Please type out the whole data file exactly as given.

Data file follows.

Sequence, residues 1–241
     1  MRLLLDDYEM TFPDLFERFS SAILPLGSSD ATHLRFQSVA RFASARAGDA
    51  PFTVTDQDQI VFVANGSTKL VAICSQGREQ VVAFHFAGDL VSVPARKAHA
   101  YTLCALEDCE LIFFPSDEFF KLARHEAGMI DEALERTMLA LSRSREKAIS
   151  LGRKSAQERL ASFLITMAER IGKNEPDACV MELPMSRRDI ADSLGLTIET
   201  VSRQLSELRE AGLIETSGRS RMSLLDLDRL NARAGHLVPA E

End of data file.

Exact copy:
Sequence, residues 1–241
     1  MRLLLDDYEM TFPDLFERFS SAILPLGSSD ATHLRFQSVA RFASARAGDA
    51  PFTVTDQDQI VFVANGSTKL VAICSQGREQ VVAFHFAGDL VSVPARKAHA
   101  YTLCALEDCE LIFFPSDEFF KLARHEAGMI DEALERTMLA LSRSREKAIS
   151  LGRKSAQERL ASFLITMAER IGKNEPDACV MELPMSRRDI ADSLGLTIET
   201  VSRQLSELRE AGLIETSGRS RMSLLDLDRL NARAGHLVPA E